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Animal disease surveillance in limited-resource countries is challenging but critical in providing epidemiological information to inform disease prevention and control programmes. Despite multiple international agencies and partnerships supporting Lao PDR and Cambodia's animal disease surveillance activities over many years, cost-effectiveness and sustainability remain significant constraints. Here we describe the development and implementation of national abattoir-based surveillance networks in Laos and central Cambodia consisting of an information exchange platform and sample collection and submission systems. The networks enhanced the national surveillance capacity and provided snapshot information of seroprevalence for selected One Health and high consequence veterinary pathogens, including Q fever, brucellosis, and Foot and Mouth Disease (FMD). Despite abattoir survey data revealing that the seroprevalence of Q fever and brucellosis was generally low, the true impact on public health for these diseases remains unclear due to low levels of awareness and diagnostic capacity. FMD antibodies derived from natural infection rather than vaccination were noted in greater than 40% of the animal sampled in both countries, which suggests significant underreporting of outbreak events. Such networks will continue to be refined to improve their cost-effectiveness and sustainability, including the introduction of a simple online application for reporting animal disease outbreaks as well as expanding to other relevant One Health pathogens and species.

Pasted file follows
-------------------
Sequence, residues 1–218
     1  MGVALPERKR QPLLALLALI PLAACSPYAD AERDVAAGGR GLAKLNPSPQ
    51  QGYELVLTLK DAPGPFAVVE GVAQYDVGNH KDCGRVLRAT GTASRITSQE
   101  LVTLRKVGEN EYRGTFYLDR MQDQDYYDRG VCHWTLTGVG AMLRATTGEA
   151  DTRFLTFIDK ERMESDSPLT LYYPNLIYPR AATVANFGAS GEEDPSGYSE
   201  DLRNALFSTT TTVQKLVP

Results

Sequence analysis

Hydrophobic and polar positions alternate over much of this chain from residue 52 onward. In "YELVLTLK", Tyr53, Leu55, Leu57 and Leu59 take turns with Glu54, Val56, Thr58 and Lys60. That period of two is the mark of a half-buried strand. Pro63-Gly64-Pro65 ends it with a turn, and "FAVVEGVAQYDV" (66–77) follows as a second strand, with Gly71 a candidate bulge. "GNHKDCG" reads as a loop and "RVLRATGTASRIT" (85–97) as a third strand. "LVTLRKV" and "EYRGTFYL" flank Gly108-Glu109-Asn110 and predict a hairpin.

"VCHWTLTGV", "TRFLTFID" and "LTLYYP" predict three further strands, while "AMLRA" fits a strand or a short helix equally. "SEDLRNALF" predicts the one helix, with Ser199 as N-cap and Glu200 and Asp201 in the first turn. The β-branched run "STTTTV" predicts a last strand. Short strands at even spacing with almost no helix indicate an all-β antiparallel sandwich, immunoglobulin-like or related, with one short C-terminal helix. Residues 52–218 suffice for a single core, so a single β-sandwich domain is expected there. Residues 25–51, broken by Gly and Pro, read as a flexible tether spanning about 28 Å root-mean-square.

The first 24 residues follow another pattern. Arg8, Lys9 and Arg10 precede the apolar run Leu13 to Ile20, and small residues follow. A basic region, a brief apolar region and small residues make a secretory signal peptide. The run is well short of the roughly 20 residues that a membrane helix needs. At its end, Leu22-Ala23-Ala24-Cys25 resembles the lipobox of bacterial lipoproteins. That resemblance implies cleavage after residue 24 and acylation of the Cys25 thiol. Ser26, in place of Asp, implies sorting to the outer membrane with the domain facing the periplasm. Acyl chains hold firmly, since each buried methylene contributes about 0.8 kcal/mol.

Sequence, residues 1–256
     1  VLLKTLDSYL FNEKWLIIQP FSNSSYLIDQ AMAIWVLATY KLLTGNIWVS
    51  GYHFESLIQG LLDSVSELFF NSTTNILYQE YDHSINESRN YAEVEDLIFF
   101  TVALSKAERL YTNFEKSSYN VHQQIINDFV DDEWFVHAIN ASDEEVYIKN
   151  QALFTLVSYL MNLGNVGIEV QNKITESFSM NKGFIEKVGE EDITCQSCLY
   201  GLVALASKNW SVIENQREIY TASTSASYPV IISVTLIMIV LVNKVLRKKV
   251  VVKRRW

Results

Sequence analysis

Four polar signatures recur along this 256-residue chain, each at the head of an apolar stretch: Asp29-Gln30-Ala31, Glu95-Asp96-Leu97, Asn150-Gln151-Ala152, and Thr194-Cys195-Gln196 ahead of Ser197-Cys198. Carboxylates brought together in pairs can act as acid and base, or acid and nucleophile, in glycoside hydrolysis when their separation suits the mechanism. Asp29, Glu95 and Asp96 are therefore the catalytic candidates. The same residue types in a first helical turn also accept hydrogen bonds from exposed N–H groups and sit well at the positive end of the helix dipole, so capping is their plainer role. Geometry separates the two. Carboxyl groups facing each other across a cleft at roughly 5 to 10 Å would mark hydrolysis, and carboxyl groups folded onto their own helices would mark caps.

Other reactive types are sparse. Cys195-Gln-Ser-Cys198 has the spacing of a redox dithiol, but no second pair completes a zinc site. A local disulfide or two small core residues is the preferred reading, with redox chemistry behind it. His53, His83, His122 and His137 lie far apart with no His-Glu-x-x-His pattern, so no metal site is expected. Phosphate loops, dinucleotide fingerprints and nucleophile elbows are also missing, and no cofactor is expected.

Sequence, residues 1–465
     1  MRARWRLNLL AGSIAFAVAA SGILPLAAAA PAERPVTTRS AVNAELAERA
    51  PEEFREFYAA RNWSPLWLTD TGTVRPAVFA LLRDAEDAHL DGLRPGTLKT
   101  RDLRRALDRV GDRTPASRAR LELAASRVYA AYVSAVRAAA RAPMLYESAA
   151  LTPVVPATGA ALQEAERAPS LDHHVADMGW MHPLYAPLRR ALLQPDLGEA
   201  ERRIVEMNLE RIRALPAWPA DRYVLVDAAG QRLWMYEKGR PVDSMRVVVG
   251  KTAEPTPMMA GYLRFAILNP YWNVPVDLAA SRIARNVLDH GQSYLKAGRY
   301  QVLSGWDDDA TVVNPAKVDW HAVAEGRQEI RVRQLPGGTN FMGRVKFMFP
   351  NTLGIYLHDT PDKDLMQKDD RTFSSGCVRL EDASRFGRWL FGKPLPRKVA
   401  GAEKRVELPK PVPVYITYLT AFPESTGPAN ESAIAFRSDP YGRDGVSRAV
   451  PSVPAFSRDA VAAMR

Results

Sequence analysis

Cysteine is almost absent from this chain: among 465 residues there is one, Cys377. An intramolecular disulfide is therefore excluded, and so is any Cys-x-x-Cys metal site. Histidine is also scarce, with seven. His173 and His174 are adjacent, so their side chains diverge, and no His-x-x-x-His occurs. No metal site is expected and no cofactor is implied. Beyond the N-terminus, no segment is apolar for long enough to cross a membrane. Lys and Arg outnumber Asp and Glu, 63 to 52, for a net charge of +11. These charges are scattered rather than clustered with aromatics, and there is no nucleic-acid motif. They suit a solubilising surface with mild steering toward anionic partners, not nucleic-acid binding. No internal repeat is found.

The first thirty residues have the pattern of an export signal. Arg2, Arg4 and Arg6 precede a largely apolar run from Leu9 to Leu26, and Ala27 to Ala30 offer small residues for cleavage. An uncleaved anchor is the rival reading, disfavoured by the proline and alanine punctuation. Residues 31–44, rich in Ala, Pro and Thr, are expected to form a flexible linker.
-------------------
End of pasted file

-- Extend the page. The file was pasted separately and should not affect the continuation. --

Original publication




Journal article


Microbiology Australia

Publication Date





156 - 160